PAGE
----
French Impressionist painter & sculptor. Born 1841 - died 1919.
Pierre Auguste Renoir
oil painting reproduction
(1841 - 1915)
Renoir is one of the foundering members of the Impressionist movement and an artist best known for his depictions of pleasant scenes and curvy women. Taking great pleasure in his work, Renoir drew inspiration from a variety of sources and changed his technique many times during his career. Renoir´s passion for painting was obvious to all who knew him and observed his work.
Pierre-Auguste Renoir Early Years
Pierre-Auguste Renoir was born in Limoges, France, on February 25th 1841. His artistic career began at the age of thirteen when he started working as a porcelain painter in a Parisian factory, creating flower designs on China. He went on to join the studio of the Swiss artist Charles Gleyre in around 1860 and his teacher was a source of great inspiration. It was also at these classes that Renoir first met Monet, Bazille, and Sisley, all of whom went on to found the Impressionist movement.
In 1869 Renoir collaborated with Monet, sketching on the Seine river banks at Asnières, Argenteuil, and Chatou. This became something of a tradition and it was during these meetings that the two young artists developed their famous technique and experimented with the bright colours central to Impressionism.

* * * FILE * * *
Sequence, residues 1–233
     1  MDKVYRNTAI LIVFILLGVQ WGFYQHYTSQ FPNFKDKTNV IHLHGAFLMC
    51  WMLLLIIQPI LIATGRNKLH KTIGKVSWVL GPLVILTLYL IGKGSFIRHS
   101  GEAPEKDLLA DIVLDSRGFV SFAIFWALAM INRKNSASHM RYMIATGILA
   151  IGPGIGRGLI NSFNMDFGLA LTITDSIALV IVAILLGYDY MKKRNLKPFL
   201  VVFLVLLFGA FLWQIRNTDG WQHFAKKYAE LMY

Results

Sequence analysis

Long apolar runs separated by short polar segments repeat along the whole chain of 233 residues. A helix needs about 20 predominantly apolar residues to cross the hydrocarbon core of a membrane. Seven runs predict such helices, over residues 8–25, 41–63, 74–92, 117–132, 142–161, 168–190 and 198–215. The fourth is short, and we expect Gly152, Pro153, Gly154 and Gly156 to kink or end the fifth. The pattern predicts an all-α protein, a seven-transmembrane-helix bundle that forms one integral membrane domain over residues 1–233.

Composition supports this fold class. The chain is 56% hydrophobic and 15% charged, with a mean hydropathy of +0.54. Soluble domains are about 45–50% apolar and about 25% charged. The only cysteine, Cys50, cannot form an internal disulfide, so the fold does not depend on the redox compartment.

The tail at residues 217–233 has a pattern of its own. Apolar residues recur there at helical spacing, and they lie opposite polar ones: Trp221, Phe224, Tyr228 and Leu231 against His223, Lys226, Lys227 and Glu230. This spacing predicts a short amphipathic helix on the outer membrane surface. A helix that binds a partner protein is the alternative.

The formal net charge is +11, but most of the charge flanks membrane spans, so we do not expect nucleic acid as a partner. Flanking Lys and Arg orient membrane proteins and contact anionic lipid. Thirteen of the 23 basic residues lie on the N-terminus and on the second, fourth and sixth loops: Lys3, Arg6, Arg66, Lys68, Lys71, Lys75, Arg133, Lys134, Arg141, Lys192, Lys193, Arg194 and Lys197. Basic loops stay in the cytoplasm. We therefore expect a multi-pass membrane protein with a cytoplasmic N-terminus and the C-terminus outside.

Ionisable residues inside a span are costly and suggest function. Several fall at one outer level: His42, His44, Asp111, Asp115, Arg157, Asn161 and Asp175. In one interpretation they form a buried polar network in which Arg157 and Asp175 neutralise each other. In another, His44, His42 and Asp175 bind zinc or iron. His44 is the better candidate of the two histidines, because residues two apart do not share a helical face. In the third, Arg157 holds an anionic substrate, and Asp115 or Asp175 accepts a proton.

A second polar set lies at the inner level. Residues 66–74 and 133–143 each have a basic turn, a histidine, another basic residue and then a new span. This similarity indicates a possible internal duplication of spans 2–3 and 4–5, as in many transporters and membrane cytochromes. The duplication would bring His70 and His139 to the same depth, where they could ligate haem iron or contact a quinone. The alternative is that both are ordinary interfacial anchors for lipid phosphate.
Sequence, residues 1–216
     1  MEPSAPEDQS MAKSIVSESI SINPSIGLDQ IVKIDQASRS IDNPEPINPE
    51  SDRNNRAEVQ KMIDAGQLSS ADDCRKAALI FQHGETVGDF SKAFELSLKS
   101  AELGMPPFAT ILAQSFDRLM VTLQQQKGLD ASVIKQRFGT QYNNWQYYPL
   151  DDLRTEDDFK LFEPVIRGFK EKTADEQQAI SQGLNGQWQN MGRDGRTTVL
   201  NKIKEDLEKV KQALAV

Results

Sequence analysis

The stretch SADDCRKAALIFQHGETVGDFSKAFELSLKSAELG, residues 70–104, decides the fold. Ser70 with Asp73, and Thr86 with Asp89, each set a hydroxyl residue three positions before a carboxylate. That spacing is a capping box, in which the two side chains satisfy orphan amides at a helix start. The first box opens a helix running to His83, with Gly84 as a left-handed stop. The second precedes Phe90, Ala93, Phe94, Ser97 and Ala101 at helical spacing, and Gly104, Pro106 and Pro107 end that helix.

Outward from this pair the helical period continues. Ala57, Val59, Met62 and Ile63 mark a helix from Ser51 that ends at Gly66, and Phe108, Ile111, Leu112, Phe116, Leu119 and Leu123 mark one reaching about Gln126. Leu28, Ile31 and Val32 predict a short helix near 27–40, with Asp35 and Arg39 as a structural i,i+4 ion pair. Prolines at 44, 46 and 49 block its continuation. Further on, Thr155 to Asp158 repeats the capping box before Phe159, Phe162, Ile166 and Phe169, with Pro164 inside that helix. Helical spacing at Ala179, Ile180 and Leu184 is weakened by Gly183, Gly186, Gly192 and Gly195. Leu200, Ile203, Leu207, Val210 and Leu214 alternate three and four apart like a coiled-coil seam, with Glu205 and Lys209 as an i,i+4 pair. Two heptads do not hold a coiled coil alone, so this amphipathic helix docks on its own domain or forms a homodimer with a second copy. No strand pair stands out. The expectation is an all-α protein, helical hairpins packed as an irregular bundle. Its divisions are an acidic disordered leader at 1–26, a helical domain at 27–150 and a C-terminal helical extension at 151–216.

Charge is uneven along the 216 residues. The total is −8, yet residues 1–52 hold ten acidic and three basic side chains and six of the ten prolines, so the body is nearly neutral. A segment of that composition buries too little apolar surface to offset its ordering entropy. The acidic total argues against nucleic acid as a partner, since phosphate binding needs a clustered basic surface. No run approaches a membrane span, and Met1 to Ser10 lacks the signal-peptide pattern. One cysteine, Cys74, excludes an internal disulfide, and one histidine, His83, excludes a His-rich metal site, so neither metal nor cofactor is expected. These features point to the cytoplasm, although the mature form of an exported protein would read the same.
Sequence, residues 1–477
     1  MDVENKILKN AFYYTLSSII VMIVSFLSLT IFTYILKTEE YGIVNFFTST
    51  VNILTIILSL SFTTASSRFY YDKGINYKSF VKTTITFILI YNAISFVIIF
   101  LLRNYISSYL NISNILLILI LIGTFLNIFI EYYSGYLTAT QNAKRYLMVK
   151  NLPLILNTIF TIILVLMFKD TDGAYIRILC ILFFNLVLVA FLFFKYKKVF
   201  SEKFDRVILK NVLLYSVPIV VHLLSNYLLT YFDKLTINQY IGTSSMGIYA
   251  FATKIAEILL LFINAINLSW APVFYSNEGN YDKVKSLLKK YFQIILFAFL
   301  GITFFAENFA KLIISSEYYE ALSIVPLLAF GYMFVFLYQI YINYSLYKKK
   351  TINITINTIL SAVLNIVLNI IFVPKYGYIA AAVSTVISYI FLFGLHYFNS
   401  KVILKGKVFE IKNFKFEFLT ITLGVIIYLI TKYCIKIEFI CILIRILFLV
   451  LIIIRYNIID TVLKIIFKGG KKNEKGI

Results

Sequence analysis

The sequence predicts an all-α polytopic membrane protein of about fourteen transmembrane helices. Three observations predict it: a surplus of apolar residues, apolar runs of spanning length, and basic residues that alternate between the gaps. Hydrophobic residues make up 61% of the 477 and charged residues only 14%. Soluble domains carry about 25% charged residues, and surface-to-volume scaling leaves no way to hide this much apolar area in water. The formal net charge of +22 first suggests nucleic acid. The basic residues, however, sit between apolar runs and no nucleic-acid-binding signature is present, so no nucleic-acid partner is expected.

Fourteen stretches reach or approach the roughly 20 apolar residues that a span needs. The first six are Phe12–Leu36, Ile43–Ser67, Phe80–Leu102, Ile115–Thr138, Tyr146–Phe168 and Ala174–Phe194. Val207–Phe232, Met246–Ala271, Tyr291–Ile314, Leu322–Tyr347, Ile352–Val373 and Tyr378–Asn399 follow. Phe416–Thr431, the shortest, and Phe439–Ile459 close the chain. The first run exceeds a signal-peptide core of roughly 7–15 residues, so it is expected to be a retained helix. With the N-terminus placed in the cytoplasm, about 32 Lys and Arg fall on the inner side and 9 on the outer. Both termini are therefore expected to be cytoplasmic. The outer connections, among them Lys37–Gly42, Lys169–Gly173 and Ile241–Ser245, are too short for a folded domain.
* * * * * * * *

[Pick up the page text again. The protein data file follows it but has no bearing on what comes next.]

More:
It was also around this time that Renoir was allowed to copy at the Louvre, where he was influenced by Rococo masters such as Boucher, Fragonard, and Watteau.
In the 1880s Renoir left the Ecole des Beaux-Arts where he had been studying and turned his attentions to figure paintings, particularly of women. A great worshipper of the female form, Renoir said I never think I have finished a nude until I think I could pinch it.
Renoirs technique of broken brush strokes was combined with brash colours to portray the light and movement of the subject. His early works captured real life scenarios and were always pleasant and non-serious. Renoir was quoted as saying Why shouldn't art be pretty?, there are enough unpleasant things in the world.
A master at depicting facial expressions, Renoir tended to paint youthful portraits of his associates, most of whom were artists and writers. With larger compositions, Renoir succeeded in assembling several figures in one frame. His compositions were complex and required many revisions. He would work on the same canvas for weeks.
Like many painters, Renoir endured difficulties in his early career, but turned this around as a portraitist in the late 1870s. He was also helped by the art dealer Paul Durand-Ruel who began to regularly purchase his work in 1881, and helped raise Renoirs profile.